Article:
By J.K. YAMAMOTO, Rafu Staff Writer
For many, the 2014 Winter Olympics in Sochi have been a source of controversy rather than celebration because of Russia’s anti-gay legislation, and actor/activist George Takei is among those saying the games should be moved somewhere else.
President Vladimir Putin is under fire from human rights groups for laws he has signed to ban adoption of Russian-born children by gay couples, allow police to arrest foreign nationals suspected of being gay or “pro-gay,” and prohibit “propaganda of nontraditional sexual relationships” to minors.
“In September, the IOC (International Olympic Committee) had their meeting in Buenos Aires and selected a new chairman, Thomas Bach,” Takei said in a phone interview. “A petition was presented that had over a quarter-million signers. They were not responsive to it.”
But just a few weeks later, he continued, “the IOC made the statement that they are satisfied with the situation in Russia, period … That IOC is absolutely spineless because the Russians have breached their agreement to honor the Olympic Creed, which says there will be no discrimination.
“At the last Winter Olympics in Vancouver, they had a Pride House where LGBT athletes and their supporters could go to celebrate their victory. The reverse of that is true in Russia, where they have this homophobic law, which has given license to hoodlums to accost people that they perceive to be LGBT, humiliate them and attack them, and in some cases attack so viciously that two people have been killed. IOC claims that they are satisfied with conditions for LGBT people in Russia. It’s outrageous.”
Takei wants to keep up the pressure on Russia, but doesn’t advocate boycotting vodka, as some businesses have done. “It’s made in Lithuania … It’s not punishing Russia … so that’s misdirected.”
The U.S. and some of its allies, including Japan, boycotted the Moscow Olympics in 1980 because of the Soviet invasion of Afghanistan; four years later, the Soviet Union and its allies boycotted the Los Angeles Olympics. Takei, who carried the Olympic torch in 1984, said, “I don’t think boycotting the Olympics is the way to go because then we’re punishing the athletes. The athletes have prepared for competition for years. They’re reaching their peak. That should not be taken away from them. It has to be more targeted at Russia. It’s got to be thought through.”
In his blog, Takei wrote, “Many believe that such a call to move the Olympics out of Russia goes too far. Would this be their opinion if the law instead called for the arrest of any Jews, Roman Catholics or Muslims should they display any sign of their religion, such as a wearing a yarmulke or praying while facing Mecca? Discrimination in any form is a blight upon the Winter Games, and it must not be tolerated.
“NBC and the corporate sponsors of the Olympics should be paying close attention, too, and should get behind the ‘Move the Olympics’ movement now, while there is still time to do so. If the Winter Olympics proceed in Sochi, Russia, all of the goodwill they have spent millions to build will evaporate in noisy protests, boycotts, and terrible publicity. I personally will be beating this particular drum loudly, as will many other LGBT actors, activists and allies. Trust me, if you are a corporate brand, you do not want to be associated with the Sochi Olympics …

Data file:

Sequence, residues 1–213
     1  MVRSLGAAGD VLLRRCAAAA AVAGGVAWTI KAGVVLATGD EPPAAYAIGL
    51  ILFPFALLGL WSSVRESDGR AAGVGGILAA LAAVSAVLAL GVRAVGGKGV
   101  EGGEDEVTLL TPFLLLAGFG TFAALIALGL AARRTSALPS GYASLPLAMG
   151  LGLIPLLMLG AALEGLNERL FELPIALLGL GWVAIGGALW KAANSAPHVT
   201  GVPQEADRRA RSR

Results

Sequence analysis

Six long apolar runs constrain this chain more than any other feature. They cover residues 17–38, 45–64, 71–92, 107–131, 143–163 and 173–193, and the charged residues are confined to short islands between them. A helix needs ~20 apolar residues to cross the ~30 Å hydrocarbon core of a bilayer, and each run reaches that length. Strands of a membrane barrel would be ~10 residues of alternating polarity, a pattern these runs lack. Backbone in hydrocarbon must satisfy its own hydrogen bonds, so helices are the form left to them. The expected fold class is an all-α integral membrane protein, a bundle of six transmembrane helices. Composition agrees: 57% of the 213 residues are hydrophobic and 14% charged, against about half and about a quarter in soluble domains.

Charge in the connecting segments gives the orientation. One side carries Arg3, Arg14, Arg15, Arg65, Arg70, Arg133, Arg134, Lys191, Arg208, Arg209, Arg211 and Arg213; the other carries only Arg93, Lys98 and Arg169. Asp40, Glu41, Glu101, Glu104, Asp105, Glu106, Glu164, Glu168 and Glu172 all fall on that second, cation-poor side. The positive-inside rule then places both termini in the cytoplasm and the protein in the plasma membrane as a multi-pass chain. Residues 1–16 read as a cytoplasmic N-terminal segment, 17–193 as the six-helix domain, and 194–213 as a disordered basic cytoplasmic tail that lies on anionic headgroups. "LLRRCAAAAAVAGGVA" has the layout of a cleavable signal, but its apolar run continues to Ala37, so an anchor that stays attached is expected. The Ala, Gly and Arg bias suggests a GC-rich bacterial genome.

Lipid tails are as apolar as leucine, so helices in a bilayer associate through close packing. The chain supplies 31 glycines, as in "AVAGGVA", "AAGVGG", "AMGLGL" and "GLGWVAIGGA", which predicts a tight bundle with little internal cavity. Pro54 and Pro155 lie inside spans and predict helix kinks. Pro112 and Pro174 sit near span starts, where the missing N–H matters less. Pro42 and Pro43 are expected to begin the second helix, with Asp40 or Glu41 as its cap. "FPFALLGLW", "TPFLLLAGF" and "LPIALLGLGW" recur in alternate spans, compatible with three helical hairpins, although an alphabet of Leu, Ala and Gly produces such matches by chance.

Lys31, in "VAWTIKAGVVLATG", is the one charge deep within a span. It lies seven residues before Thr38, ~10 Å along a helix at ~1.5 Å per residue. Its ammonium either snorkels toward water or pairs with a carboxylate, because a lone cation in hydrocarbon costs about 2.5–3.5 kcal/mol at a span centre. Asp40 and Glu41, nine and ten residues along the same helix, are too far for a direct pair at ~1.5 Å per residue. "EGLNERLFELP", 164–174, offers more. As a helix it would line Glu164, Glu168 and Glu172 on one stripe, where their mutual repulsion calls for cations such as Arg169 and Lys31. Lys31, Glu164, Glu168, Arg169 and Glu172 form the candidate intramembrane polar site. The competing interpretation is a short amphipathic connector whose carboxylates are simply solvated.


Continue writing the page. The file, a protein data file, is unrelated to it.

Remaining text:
“If Russia hopes to stand with the international community, it must accept and adopt international principles of equality and non-discrimination.”
Takei, who married his partner Brad in 2008, also continues to support campaigns for marriage equality across the U.S. In Hawaii, he noted, “(Sen.) Mazie Hirono particularly has been very active there and it looks very promising. The governor (Neil Abercrombie) has said that he will sign it.
“It’s going to be very interesting to see what happens in northeastern states like Virginia, where they have a governor’s race going on right now … Terry McAuliffe, the Democratic candidate, has a slight lead there now. He is pro-marriage equality … Northern Virginia is very urbanized, part of Greater Washington, D.C. Equality is a very strong issue there … I think Virginia is going to be strong contender for equality next.”
Pointing out that only one-third of the country has marriage equality, Takei commented, “We have a divided nation, unfortunately … Despite the happy news we got from the Supreme Court in June, we still have our work cut out for us.”
For example, he said, even with the Defense of Marriage Act and “Don’t Ask, Don’t Tell” struck down, some base commanders still deny same-sex couples marriage leave “for no reason at all.”
Also on the agenda is the Employment Nondiscrimination Act, “a federal bill that would make it illegal for employers to fire arbitrarily LGBT people simply because they’re LGBT,” Takei said.
On Oct. 12 in Denver, Takei received the Making a Difference Award from the Matthew Shepard Foundation for his outspoken advocacy for sexual orientation and gender identity minorities. The awards dinner was both a celebration of progress that has been made and a reminder that more work needs to be done. It was held on the 15th anniversary of the death of Matthew Shepard, the victim of a vicious anti-gay hate crime in Wyoming.